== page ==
Sunday, August 7, 2011

Pancreatic USG

Scan Planes


Retroperitoneal,over the spine placed transverse
In the region posterior to stomach
80 gm,15-20 cm
Splenic vein posterior to pancrease

Scanning tech

3.5 hz,fasting necessary,supine position
transverse scan at epigastric region
anterior to aorta ,a bright walled sup mesentric artery may be seen in cross section ,ant to which u may see larger splenic vein,lengthwise with comma shaped head towards right
If not seen,can give pt. 2 glass of water to drink and with sitting or erect position,through the acoustic window made by water filled stomach

USG Appearance

In , the pancreas is hyperechoic, becoming increasingly so in the elderly, in small children ,it is less echoeic than liver

The main pancreatic duct normally can be visualized and is 2 mm or less.

Identified by particularly splenic vein ,which lies posterior to pancrease,and sup. Mesentric artery ,which is seen as a ring like a bright echogenic wall
No capsule so margin of pancrease is ill defined


Acute Pancreatitis:

most commonly associated with gallstones or alcoholism

severe epigastric pain, abdominal distension and nausea or vomiting. In milder cases,may recover spontaneously. If untreated, peritonitis and death may occur.
Repeated bouts in long term lead to chr. pancreatitis

Biochemically, raised levels of amylase and lipase in the blood. Acute inflammation causes the pancreatic tissue to become necrosed, releasing the pancreatic enzymes which can further destroy the pancreatic tissue.

Biliary calculi
Alcoholism— overstimulates pancreatic secretions causing overproduction of enzymes

Trauma/iatrogenic—damage/disruption of the pancreatic tissue, e.g. in a road traffic accident, or by surgery

Drug-induced— uncommon cause. Some anticancer drugs can

Infection—e.g. mumps. A rare cause of pancreatitis
Congenital anomaly—duodenal diverticulum, duodenal duplication, sphincter of Oddi stenosis may obstruct the pancreatic duct
Hereditary—a rare, autosomal dominant condition presenting with recurrent attacks in childhood or early

USG appearance of ac. Pancreatitis

In more severe cases the pancreas is enlarged and hypoechoic due to edema. The main duct may be dilated or prominent.

As the condition progresses, digestive enzymes leak out, forming collections or pseudocysts. These are most frequently found in the lesser sac, near the tail of the pancreas, but can occur anywhere in abdomen.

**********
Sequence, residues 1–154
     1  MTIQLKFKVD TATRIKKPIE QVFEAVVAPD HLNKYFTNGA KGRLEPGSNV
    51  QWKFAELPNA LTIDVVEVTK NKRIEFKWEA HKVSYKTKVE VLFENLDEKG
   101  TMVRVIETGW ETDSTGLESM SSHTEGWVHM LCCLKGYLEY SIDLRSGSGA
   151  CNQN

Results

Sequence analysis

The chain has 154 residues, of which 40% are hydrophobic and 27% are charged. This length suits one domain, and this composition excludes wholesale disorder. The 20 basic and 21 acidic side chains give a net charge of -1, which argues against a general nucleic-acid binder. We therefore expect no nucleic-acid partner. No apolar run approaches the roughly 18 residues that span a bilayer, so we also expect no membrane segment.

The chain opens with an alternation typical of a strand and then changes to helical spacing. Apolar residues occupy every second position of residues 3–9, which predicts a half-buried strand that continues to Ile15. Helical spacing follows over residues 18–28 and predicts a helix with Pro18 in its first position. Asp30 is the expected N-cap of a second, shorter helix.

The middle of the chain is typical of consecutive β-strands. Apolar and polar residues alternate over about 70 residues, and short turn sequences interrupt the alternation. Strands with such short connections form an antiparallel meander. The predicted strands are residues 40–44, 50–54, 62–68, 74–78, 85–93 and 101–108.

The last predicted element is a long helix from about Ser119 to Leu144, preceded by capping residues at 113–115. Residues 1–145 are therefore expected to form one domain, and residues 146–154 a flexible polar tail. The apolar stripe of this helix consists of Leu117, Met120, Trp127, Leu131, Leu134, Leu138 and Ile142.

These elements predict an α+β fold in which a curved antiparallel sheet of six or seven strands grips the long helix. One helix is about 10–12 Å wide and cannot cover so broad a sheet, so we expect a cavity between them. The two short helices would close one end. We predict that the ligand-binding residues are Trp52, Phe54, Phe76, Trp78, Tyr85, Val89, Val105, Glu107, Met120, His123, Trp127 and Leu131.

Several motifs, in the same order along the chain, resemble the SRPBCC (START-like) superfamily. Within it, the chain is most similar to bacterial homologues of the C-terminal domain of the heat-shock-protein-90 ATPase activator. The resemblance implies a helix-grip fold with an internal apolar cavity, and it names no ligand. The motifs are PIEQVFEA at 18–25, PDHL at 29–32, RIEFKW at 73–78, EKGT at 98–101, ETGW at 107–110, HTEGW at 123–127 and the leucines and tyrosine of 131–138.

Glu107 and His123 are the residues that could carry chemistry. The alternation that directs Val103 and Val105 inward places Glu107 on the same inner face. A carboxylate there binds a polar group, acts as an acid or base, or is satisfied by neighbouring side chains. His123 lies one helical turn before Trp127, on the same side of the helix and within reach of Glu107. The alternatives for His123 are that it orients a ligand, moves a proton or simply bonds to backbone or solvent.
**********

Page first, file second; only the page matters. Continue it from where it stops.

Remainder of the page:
May diagnose the cause of acute pancreatitis if biliary colics are present.

Acute pancreatitis in a patient with alcoholic liver disease. The pancreas is hypoechoic and bulky with a lobulated outline.

Management of Acute Pancreatitis

Management consists of alleviating the symptoms and removing the cause where possible.

Pseudocysts which do not resolve spontaneously may be drained percutaneously under ultrasound or CT guidance

Surgery to remove necrotized or hemorrhagic areas of pancreatic tissue may be undertaken in severe cases.

Chronic Pancreatitis

The most common cause is alcohol abuse

The normal pancreatic tissue is progressively replaced by fibrosis, which may encase the nerves in the coeliac plexus, causing abdominal pain, particularly post-prandially.

The patient has fatty stools (steatorrhoea) due to malabsorption, as there is a decreased capacity to produce the digestive enzymes

USG Changes

The pancreas becomes abnormally hyperechoic.
Irregular dilatation of pancreatic duct
Pseudocyst seen in 25% cases
Calcification may be identified in the pancreatic tissue

Pancreatic carcinoma

Carcinoma of the pancreas is a major cause of cancer-related death.
Most pancreatic carcinomas (60%) are found in the head of the pancreas,
patients present with the associated symptoms of jaundice
The majority (80%) are ductal adenocarcinomas,

Surgical removal of the carcinoma by partial pancreaticoduodenectomy,

Ultrasound Appearance

The adenocarcinoma, is a solid tumor, usually hypoechoic or of mixed echogenicity, with an irregular border. Because the mass is most frequently located in the head of the pancreas, which lies behind the duodenum, it may be difficult to identify at first.

Endocrine tumors, which arise from the islet cells in the pancreas, include insulinomas, which are benign, and gastrinomas, which are more often malignant. They are usually hypoechoic, well defined, often with a distally dilated main pancreatic duct. tend to arise in the body or tail of pancreas.

The most obvious secondary feature of carcinoma of the head of pancreas is the dilated biliary system.

Ca head pancreas
Ca tail pancreas

Pancreatic metastases

Pancreatic metastases may occur from breast, lung and gastrointestinal tract primary tumors.

They are relatively uncommon on ultrasound, simply because they are a late manifestation in patients who already have known, widespread disease and in whom investigations are generally considered unnecessary.


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